79 80. Tab4 is compounded of to, an obsolete particle, or sign of the dative, and beir; and probably means give. Beir
: is often used alone, in the imperative, to signify give, bring, carry, lay hold on, overtake, or bring forth young.
The preter tense of tabs ir tugar, tug me, I gave or brought. The preter of beir ir nugar, rug me, I took, laid hold on, touk, cr brought forth.
Give a drink to me.
Bring it with you.
Give it from you.
Lay hold on this.
I will give it to you, Bearamojo orla.
We shall overtake them. Beara me cloidear ljom. I will brir.g a sword with me.
Beara li clan.
She will bear a cbild. Chu5 T 04th e.
She gave it to me. Thug re leir é.
He brought it with him. Rug se leir é.
He took it with him. Rug 11 omra.
She overtook them. Rug ij mac.
She bore a son. 81 The entire imperative is thus formed:
1. Tigeamoir, let us come. 2. Tam, come thou.
2. Tigióe, come ye. 3. Tigead, re, let him come. 3. Tigidir, or tigeaö rjad,
let them come. The participle teact, is also found written tiaċt, tigeaco, and toigeaco.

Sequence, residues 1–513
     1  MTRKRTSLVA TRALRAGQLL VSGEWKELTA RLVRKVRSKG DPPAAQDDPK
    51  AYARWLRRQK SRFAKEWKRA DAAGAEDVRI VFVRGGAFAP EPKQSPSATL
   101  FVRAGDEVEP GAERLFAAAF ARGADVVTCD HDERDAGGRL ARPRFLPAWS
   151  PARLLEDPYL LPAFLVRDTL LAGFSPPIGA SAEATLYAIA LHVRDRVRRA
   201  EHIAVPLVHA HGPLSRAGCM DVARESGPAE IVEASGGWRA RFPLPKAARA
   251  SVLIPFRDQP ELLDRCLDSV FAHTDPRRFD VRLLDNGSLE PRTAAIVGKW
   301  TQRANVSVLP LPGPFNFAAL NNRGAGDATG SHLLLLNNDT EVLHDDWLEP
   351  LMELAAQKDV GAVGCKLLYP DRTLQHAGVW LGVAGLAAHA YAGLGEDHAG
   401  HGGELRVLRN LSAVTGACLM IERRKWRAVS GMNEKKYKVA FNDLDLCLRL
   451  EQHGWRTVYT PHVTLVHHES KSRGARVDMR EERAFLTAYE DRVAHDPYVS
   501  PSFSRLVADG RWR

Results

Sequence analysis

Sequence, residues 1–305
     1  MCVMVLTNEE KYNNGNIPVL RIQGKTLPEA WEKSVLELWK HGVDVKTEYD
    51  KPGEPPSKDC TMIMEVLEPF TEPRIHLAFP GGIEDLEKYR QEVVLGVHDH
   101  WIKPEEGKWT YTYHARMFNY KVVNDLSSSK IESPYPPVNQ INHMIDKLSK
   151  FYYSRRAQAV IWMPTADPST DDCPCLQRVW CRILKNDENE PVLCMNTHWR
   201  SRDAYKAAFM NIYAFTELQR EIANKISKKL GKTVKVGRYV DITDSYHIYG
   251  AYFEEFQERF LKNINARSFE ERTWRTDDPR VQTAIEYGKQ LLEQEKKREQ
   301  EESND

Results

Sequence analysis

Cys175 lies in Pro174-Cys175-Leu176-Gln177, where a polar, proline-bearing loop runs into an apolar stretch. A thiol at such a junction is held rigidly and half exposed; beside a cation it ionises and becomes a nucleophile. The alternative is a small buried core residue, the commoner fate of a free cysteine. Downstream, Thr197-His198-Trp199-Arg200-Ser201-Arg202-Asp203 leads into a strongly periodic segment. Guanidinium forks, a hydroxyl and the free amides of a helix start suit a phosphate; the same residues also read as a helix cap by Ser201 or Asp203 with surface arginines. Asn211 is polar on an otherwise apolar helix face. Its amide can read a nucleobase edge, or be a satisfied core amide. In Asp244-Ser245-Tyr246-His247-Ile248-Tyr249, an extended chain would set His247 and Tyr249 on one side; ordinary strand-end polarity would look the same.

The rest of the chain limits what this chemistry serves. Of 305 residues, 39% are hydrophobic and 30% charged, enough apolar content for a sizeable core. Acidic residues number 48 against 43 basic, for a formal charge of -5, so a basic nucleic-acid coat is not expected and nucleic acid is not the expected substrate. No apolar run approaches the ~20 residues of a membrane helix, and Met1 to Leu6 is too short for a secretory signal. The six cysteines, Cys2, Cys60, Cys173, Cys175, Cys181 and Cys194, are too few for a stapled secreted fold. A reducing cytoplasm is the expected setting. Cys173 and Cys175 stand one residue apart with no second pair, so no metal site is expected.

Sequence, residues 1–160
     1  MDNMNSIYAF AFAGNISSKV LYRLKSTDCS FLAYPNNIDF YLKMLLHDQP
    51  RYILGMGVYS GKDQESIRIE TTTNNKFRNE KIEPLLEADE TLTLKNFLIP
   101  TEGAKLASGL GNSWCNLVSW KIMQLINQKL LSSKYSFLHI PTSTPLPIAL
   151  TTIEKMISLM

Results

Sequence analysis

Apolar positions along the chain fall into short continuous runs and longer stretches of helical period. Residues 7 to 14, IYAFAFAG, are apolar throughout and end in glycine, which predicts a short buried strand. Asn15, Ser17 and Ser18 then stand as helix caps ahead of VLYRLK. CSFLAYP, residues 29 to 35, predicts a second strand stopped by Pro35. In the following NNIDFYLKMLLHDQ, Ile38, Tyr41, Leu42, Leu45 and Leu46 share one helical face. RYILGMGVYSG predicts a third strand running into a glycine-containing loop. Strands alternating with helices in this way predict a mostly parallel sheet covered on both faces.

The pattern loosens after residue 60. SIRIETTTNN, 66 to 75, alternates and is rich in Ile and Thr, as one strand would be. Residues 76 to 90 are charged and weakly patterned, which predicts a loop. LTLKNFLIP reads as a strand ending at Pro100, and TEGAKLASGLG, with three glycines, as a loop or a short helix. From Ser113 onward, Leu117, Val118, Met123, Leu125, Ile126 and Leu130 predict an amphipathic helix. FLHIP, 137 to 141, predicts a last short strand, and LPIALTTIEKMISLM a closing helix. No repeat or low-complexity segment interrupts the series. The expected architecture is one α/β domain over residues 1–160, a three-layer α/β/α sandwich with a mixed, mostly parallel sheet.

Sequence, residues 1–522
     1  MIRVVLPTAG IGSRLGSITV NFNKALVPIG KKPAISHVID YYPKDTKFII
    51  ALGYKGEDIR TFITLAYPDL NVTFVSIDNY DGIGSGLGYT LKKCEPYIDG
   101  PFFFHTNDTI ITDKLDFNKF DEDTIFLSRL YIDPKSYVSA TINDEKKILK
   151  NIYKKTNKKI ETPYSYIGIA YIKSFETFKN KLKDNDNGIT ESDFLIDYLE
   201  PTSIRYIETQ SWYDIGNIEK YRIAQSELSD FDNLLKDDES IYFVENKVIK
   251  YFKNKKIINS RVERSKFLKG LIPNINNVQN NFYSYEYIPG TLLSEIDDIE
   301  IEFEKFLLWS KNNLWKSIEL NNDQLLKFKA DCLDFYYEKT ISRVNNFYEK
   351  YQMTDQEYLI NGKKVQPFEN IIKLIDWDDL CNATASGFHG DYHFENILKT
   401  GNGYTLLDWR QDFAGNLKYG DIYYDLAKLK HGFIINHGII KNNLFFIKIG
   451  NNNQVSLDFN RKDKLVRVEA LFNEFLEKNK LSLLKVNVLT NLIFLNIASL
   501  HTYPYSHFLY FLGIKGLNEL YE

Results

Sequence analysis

82. The obsolete verb rigim; preter, rainic to arrive at, or come to, is sometimes used in the preter. It seems to be compounded of ro and tigim, ro and tainic.
83. It is probable that e is the radical letter in this verb, as in the Greek and Latin eo, I go; hence te go, having o prefixed.
In ancient manuscripts, do veac is found, instead of do cuajo, in the preter ; as, sočajó veac on maj, a troop went over the plain.
The participle passive is used, compounded with in, or jon, fit or proper to be done; as, jondulta, fit, or proper to go or to be gone.
84. Fag signifies also get, and may be so translated throughout. In the north of Ireland it is pronounced as if written fog.